Conflict: I have no anger in me!
No, not conflict of interest…not
conflict within your being…but conflict found in a story.
And what exactly is conflict in a story?
Simple…a problem/obstacle your main character needs to overcome by the end of the story. Think of it as your engine
that drives your car forward. Without one your car remains idle, collecting dust in the driveway. Give your car a super booster
engine and you’ll be coasting the streets with no worries.
In a story, your conflict moves your character
through various situations he must overcome. This intrigues and pulls your reader deeper into the story, connecting with your
Before writing your story and making up
your character profile, ask yourself these questions:
What will be the main goal my character will face and need to overcome?
Who will be my target audience?
The second question is important because
it will help to focus your words and subject matter to suit the appropriate audience.
TYPES OF CONFLICTS:
Here are some examples of conflicts in
the almighty tried and successful ‘good against evil’
Think Harry Potter, The Lord of
the Rings, Star Wars, Little Red Riding Hood, The Three Little Pigs…yes, these fairy tales were using the ‘good
against evil’ method if you sit down and think about it. The wolves in both fairy tales were intent on overcoming their
‘so-they-thought’ weaker counterparts.
In the above examples, something stood
in the protagonist’s way:
Harry tries to defeat Voldemort but problems
and other antagonists along the way makes this quest difficult for him.
The Lord of the Rings finds Frodo’s
quest to destroy the Ring but evil and dark forces stand in his way, too.
Luke Skywalker in Star Wars needs to defeat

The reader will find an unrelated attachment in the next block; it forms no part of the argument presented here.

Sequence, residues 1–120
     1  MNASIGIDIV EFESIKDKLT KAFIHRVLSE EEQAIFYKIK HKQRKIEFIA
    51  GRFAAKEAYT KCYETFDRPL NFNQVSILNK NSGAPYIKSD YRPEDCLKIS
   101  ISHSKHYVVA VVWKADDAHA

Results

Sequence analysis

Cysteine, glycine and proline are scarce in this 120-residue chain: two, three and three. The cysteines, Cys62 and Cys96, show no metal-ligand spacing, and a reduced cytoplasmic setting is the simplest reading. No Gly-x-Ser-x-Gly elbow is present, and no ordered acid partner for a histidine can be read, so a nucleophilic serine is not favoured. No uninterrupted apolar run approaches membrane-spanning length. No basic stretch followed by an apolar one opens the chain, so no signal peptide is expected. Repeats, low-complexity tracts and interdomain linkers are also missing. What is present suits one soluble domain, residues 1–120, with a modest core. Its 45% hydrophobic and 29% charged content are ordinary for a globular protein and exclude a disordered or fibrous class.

the new order of evil, and he, too, faces many obstacles and characters along the way.
In each of these examples, these obstacles
(new smaller conflicts against the bigger goal they are after) causes a reader to continue reading to find out if he’ll
be successful, how he will outsmart them, and what change, if any, will this cause in the main character.
Along with these obstacles, throwing in
some inner conflicts alongside the outer emotions helps to cast them more as three-dimensional beings, for example:
Luke Skywalker deals with the knowledge
he has a sister somewhere out there. His inner being and emotions help to make him more sympathetic, which eventually bonds
the reader to him. The same with Frodo; his world has been thrown for a loop when he takes on the quest of the Ring…along
the way he begins to doubt if he, indeed, is the best man for this job. Also, he questions his will power to avoid succumbing
to the dark forces once he has tasted the Ring’s power.
Another example to show you what ‘inner
Let’s assume your book is based on
a police officer who mistakenly shoots a young child while pursuing a suspect. It’s dark in the building and the kid
jumped out of no where with a toy gun. The police officer is suspended while the case is being investigated.
How he deals and is dealt by his immediate
His struggle to remove the visions of the
The emotional turmoil as he waits for the
investigation to conclude.
His dealings with the parents of the child
he accidentally killed.
Throughout all of these emotions the one
factor that will bind your reader to continue will be: How will he fare at the end of this book. The way you first portray
this particular character in the beginning will be totally different by the end because of the various upsets he’s had
to deal with. Show him as upbeat, nonchalant, no change at the end and you will lose your reader’s interest in the book
and in you as an author.
Think of real life: if you had to go through
a trauma as the officer in the example above, how would it change you? A writer needs to wear his character’s shoes
and get inside his head to fully understand him. Write a story with a stick person and you get stale material. Write a story
with powerful emotions and you have one interesting read.
THE ALMIGHTY ENDING
By the end of your book all inner and outer
conflicts need to have reached a conclusion. Whether your character overcame or failed is not as important as making sure
he tried to meet them head on. You cannot place a conflict (or foreshadow) without making sure by the end of the story some
sort of a resolution was made. This is cheating a reader and they WILL notice, especially if one of those conflicts was the
one he’s been hoping to see the outcome to.
YOUR TURN EXERCISE:
What I’d like you to do for this
exercise is come up with some interesting conflicts for a story. Come up with a one sentence conflict then send it on down
to me at:
Place MOTHER HEN’S BIN EXERCISE on
the subject heading with your name, email address, one short paragraph bio and link back to you. I’ll make sure to place
them in an upcoming issue of The Muse Marquee and The Muse Unleashed.